[E-voting] experience with VVAT

Marian Beddill beddill at nas.com
Fri Mar 24 18:56:01 GMT 2006


Yes, Michael, my own county has now used VVAT in three elections, with excellent results. 

We are Whatcom County, Washington State - just over 100,000 registered voters, in 119 Precincts.  We had previously used punch-cards for about 20 years, and our number of "permanent absentee" voters(*1) had gradually grown to 75% of the returned ballots.  

In early 2005, the governing County Council voted to eliminate the 40-or-so polling places and shift to 100% vote-by-mail (VBM).  We purchased optical scan equipment (Sequoia 400C)(*2) for the central office, and will have a few special machines for service to disabled voters. 

We have a cadre of trained citizen observers, representing the "major"(*3) political parties, who were allowed close visual observation of all the steps of the ballot-processing and vote-counting (no touching), beginning at receipt of trays from the Post Office into the Elections Office, all the way to archiving in a locked vault, of the coded-&-sealed boxes of counted ballots. Along the way, we performed a "double-check" hand count of randomly-selected batches of ballots, in the presence of observers who watched the batches be counted by teams of staffers, then counted by the machines.  Since the optical-scan paper ballots had been created by the voters (data source), and the same ballots(*4) were counted by staff and the machines, in public, and with track kept of the number of ballots at each step, we were confident that we had established "an audit trail" from data generation (marking) to data tally.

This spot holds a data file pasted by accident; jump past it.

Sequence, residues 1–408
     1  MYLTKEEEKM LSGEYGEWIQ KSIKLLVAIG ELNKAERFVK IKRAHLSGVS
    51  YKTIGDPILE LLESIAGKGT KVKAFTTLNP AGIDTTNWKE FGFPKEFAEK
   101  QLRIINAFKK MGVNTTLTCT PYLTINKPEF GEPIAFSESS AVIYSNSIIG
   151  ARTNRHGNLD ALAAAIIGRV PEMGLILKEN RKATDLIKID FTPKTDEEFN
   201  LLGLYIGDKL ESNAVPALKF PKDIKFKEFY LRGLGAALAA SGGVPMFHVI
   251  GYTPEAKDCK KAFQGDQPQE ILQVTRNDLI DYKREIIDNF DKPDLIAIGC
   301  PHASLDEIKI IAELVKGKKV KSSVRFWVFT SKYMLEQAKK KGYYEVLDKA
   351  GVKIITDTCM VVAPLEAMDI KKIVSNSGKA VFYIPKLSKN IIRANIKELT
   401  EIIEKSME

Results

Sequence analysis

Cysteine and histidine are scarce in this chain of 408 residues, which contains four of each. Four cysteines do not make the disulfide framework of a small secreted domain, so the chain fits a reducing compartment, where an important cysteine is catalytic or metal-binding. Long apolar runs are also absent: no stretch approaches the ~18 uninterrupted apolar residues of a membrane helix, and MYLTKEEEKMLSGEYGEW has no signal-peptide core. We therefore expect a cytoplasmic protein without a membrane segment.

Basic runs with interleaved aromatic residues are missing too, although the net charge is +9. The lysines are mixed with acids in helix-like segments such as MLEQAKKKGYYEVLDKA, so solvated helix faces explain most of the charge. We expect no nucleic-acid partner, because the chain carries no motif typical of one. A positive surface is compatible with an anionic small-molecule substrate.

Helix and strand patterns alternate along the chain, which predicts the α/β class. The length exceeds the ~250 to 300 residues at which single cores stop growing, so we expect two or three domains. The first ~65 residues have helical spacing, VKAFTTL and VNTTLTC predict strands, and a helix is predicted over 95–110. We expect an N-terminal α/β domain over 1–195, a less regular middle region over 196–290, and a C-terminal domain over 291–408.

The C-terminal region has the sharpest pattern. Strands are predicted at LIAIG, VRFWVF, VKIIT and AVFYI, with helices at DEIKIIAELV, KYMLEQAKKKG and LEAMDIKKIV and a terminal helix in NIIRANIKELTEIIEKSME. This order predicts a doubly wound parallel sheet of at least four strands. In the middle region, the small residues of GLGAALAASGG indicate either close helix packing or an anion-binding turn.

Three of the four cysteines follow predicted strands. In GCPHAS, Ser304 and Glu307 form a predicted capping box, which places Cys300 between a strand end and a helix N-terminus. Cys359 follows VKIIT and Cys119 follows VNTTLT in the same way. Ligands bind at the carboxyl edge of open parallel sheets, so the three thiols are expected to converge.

Working with our senior elections officials, there also was a Citizen's Elections Advisory Committee or C.E.A.C. established ( http://www.co.whatcom.wa.us/auditor/election_division/index.jsp ) with nine members representing stakeholder groups, which has helped communication between the officials and the public. 

Marian Beddill
Bellingham WA USA

Footnotes:
(1) Any voter has been allowed to request and return an "absentee" ballot by mail in our state, for many years. 
(2)  Sequoia "OPTECH 400C - Introduction" : 
http://www.sequoiavote.com/productguide.php?product=OPTECH%20400C&type=Introduction 
(3) Our state defines political parties as "major" or "minor", according to legal criteria that are basically vote counts for candidates.
(4) "the same ballots" is not precisely 100% accurate, as law allows damaged ballots to be duplicated by staff, working always in teams of two, and with Observers present.  Both original and duplicate are archived, available for further review if even needed. 


At 3/24/2006  08:50 AM, you wrote:

>> Given that VVAT has been mandated in many jurisdictions in the US, do you (or anyone else out there)
>
>>know what the experience has been with it? Has there been any elections yet using
>>VVAT?
>A quick google turned up the 2004 elections in Nevada. According to
>this statement by the Nevada Secretary of State
>(http://sos.state.nv.us/publications/hava.htm)
>the audit of the election showed the electronic votes matched the paper 100%.
>
>There must be more examples by now though.
>
>Michael
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